Whilst Nationwide report that house prices would move modestly over the next 12 months, Capital Economics on the other hand, expects the housing crisis to end in 2012.
Nationwide has found that House prices in Britain fell by 1% in March, mainly due to the end of the stamp duty holiday. Whilst getting on the property ladder is harder than ever for first time buyers, with wages having been frozen coupled with the high cost of living, making life hard for those saving for a deposit for their first home.
The House Price Index for March has been released by Nationwide Building Society and revealed the average price of a home in Britain fell by 1% compared to February, making this the biggest house price fall since 2010. The typical home now costs in excess of £163,000.
The good news was that the stamp duty holiday has helped many first time buyers to get on the property ladder, who have enjoyed a concession of up to £2,500 in Stamp duty tax. An estimated 180,000 first time buyers secured a property prior to the end of the stamp duty holiday.
Whilst Nationwide report that house prices would move modestly over the next 12 months, Capital Economics on the other hand, expects the housing crisis to end in 2012 due to the Banks beginning to loosen credit. Even though the average credit score required to attain a mortgage has been consistent, indications show that there is a loosening of credit availability.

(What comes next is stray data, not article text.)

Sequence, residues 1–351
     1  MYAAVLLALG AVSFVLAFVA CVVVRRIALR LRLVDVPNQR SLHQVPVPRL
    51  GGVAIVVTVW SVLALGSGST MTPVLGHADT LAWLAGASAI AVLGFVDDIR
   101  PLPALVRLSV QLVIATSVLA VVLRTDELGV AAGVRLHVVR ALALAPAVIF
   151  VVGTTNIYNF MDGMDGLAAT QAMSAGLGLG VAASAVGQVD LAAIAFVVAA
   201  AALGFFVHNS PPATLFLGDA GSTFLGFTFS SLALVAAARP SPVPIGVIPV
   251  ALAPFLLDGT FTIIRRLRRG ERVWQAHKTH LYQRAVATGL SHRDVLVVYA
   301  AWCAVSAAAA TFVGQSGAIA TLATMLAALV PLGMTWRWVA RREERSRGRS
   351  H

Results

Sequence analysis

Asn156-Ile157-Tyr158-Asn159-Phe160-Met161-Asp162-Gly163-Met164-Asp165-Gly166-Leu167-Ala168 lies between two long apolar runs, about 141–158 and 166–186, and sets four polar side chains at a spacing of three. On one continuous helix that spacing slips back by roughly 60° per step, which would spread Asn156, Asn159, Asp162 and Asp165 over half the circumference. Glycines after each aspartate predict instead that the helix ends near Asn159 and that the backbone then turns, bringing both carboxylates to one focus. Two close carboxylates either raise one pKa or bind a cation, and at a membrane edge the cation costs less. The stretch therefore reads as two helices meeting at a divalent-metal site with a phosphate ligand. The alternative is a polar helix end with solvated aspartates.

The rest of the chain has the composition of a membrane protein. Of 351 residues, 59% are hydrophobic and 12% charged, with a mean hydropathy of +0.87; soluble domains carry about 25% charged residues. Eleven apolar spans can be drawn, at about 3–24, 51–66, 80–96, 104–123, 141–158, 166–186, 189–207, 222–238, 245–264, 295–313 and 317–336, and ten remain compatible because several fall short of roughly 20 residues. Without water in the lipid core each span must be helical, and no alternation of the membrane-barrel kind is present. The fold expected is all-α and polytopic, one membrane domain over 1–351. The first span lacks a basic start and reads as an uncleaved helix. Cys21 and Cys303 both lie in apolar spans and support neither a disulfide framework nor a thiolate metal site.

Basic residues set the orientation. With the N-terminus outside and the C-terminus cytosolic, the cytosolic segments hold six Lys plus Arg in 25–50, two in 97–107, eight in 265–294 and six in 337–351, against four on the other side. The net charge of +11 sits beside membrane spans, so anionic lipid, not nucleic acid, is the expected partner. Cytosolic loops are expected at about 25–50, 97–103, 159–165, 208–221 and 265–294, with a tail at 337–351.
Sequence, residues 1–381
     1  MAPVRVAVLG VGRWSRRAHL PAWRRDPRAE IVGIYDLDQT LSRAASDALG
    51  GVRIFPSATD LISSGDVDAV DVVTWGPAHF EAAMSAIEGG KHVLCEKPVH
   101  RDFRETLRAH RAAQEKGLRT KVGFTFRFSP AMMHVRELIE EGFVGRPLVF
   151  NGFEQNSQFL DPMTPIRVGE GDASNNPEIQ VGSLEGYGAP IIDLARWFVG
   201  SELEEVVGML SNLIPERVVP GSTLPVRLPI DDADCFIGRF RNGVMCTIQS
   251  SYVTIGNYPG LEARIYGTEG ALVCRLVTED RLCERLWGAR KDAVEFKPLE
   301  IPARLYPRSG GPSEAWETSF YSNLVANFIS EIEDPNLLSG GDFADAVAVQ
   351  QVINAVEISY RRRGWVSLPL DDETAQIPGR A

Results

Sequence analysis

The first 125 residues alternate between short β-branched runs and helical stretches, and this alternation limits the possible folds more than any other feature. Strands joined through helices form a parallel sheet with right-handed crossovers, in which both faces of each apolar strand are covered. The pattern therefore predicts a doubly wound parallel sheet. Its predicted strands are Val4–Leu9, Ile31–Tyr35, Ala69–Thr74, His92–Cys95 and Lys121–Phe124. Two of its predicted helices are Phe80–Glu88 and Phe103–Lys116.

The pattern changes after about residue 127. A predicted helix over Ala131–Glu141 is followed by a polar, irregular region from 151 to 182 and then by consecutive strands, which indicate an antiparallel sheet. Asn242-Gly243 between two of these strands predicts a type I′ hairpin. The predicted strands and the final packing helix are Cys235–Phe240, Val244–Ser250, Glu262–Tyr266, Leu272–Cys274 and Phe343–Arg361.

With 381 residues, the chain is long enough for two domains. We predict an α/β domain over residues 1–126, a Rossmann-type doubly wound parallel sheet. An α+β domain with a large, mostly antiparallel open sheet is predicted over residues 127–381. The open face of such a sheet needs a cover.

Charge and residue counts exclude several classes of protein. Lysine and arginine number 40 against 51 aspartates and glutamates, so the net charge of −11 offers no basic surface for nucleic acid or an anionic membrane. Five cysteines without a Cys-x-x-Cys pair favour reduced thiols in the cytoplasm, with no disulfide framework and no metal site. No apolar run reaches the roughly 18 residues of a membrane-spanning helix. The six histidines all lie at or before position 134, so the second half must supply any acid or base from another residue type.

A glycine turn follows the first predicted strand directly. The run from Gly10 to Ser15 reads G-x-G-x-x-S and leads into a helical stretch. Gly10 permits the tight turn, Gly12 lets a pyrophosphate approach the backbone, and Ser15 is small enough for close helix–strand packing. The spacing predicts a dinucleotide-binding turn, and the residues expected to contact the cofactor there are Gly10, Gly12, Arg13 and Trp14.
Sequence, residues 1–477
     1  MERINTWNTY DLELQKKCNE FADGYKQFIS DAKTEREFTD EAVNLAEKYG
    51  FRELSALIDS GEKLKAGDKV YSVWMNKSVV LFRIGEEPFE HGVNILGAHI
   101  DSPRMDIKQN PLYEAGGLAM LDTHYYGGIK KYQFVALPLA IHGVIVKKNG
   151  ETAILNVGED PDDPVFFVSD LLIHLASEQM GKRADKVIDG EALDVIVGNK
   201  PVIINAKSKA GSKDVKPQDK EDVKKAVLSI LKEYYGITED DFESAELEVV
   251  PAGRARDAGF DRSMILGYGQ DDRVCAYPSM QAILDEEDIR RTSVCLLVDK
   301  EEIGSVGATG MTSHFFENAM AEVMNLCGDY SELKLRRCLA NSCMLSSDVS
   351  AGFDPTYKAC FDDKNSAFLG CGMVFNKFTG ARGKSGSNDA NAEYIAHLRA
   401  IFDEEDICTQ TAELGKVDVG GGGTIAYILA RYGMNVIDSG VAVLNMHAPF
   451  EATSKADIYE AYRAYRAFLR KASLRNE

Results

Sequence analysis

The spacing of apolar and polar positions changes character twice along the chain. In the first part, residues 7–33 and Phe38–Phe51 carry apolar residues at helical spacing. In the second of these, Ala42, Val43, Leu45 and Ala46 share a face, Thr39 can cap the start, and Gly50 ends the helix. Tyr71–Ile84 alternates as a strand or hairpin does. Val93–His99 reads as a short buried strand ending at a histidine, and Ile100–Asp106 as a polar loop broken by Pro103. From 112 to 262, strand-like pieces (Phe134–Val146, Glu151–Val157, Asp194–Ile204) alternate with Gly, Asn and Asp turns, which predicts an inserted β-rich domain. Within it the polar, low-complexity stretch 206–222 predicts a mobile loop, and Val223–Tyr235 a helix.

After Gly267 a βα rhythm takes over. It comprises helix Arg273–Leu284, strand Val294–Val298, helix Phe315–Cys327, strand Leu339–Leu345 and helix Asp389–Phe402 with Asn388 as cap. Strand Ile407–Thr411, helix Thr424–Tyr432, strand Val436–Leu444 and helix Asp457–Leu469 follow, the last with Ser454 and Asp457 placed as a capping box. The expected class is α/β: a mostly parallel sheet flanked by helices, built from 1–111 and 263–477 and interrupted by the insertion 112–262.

It's all in the LTV, or, Loan to value ratio. At the height of the crisis the banks would only lend an average of 74% of a properties value, now this has gone up to an average of 82%. Capital Economics states this is the clearest sign yet of an improvement in mortgage credit conditions. Banks seem to be a little more flexible, offering lending amounts of up to 3.5 times earnings, rather than the average of 3.2 during the crisis.
Whilst the picture is certainly looking rosier for first time buyers, and an obvious loosening of credit conditions, first time buyers are still struggling with credit requirements. For example, at an 82% loan to value ratio, on the average £163,000 property, you would need a deposit of £29,340 and a wage of £38,188 at 3.5 times earnings ratio to be able to afford the average house.
Whilst conditions have improved, is it enough to entice first time buyers to the market and see actual house price gains? We don't think so, yet. But the movements are definitely in a positive direction.
**This article is correct at the time of writing, please do not take our example above as gospel, and ensure you speak to your own mortgage advisor regarding your mortgage options. Whilst the average national price of a property is £163,000, there are many houses for sale in Leeds well below that amount. We've seen hundreds of properties in Leeds for sale under £100,000.
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